I would certainly suggest going with a 3rd party encryption method/module. Designing your own, especially when your not completely comfortable with the subject, has a very strong chance of ending up in an insecure implementation. Even commercial products from respected vendors have vulnerabilities, if you don't know exactly what you're doing it's much safer to use a tried and tested product. Just make sure that the implementation you're going for uses a well-known and tested algorithm, if they use a proprietary algorithm and its secureness is based on it being secret (security by obscurity), stay away. jakopriit provided a good list of well known algorithms,  they all have their pros and cons.
kingpukkyAuthor Commented:
jakopriit : Thnx for the in brief explaination.
I understood ur options. Have got some queries in it.
1. When you say that you ask the user his own password and use it for symmetric encryption, do u mean that i should use his password as a encryption key or just for authentication for the process.
2. Also the thing is that we get the password of the intergrated product and store it in the file. And after this there is no user interaction, our c++ application read the username/password to login to the product. So your statement "you might ask for the password again" cannot be used.
Also, once the password is stored in the file, our product can be stopped / started anytime, so "trust the session isn't compromised" is not valid too. So does it means that my key has to be hard-coded in my program?

CoccoBill: You are right, this is not going to be so easy. I have started reading basics of cryptology and will especifically concentrate on the algos specified by jakopriit.
1. good point. not the password itself. I should have mentioned that too. It would be better to use something _computed_ from the password, as a key. Maybe a one way hash with enough possible values to make rainbow tables unpractical -- you can preach users whatever you want to but they still reuse passwords. Without user interaction that is of little consequence anyway - on to the second point.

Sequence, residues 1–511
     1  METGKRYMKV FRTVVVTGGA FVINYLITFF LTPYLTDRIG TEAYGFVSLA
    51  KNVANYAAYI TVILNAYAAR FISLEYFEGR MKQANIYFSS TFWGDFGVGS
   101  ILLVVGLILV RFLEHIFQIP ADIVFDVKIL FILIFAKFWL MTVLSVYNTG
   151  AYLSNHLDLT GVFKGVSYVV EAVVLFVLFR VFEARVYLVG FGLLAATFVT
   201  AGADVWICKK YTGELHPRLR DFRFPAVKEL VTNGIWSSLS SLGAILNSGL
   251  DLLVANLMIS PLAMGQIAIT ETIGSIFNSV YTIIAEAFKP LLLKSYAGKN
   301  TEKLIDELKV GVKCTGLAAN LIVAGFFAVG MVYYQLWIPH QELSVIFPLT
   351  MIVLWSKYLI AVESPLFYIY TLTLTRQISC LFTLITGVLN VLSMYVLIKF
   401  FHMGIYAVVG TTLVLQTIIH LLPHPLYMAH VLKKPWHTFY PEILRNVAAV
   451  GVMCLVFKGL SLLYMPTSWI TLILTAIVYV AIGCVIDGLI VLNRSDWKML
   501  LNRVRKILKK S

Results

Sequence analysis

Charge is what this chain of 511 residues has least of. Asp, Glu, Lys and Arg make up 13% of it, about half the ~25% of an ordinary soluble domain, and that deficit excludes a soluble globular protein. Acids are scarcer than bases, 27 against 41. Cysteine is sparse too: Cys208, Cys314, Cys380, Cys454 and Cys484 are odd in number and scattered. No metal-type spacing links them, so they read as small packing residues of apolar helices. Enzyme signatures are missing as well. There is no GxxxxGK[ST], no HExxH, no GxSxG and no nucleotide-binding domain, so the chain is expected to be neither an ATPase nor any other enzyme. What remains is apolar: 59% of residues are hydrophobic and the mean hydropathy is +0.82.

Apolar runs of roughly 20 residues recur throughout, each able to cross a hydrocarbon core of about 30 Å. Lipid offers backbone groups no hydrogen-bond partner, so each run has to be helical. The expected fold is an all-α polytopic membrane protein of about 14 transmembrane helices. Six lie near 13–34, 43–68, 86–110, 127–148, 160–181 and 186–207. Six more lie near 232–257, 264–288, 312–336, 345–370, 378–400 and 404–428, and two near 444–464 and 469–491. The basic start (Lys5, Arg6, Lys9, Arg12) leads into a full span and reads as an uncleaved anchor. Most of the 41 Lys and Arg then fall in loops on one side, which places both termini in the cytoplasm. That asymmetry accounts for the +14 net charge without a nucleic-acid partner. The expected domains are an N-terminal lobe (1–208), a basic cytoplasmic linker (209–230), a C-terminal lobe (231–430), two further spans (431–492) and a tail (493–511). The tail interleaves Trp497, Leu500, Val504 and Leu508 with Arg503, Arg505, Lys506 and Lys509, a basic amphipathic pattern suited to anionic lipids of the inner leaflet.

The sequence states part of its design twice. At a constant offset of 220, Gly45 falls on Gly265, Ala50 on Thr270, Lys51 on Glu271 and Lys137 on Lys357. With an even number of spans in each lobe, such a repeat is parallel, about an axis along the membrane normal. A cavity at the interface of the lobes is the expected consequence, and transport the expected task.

2. oh. the lack of interactiveness complicates matters greatly. on the other hand it makes it easier -- depending on what you'll have to prevent. hard-coding encryption keys is a bad habit, anyhow ;) What I would do to prevent hardcoding these, is to rely somewhat on filesystem ACL and have a SUID encryption handling component that has proper file access to the private key, it's access password and the encrypted file. That would leave you the option of replacing them, when necessary.

Please remember that the security of your app ought to be proportional to the one that is being guarded. For example, if you're gonna use a XML web service over the plain HTTP, as the other application, it would be overkill to guard the login/passwd as well as we (experts) would like.
kingpukkyAuthor Commented:
Yeah, well looks the security on filesystem is going to be a key point here...
I got ur point on the "computed from password"
can u please explain or redirect me to some link about "one way hash and rainbow tables"??
Thanks a lot for ur comments...
i think now its upto our research here....
Rich RumbleSecurity SamuraiCommented:
Heres the article on rainbow tables, basically, you precompute every possible password hash and it's plain-text counter part
pass1234 = MD5            B4AF804009CB036A4CCDC33431EF9AC9
pass1235= MD5            B7E3715214F9EE9B589197D1E6912469
pass1236= MD5            7826842F8E10191865318AA3468C8375
pass1237= MD5            11E3ABF4FDA721E9C26B616159D738C7

etc... the storage is much more compressed than the examples above. For instance, the LM passwords for windows using Rainbow Crack's tables are around 64gig's, for 99.9% accuracy of all possible character combinations. OphCrack has a better storage/table search so it's smaller, however the passwords take just as long to find, so no overall benefit.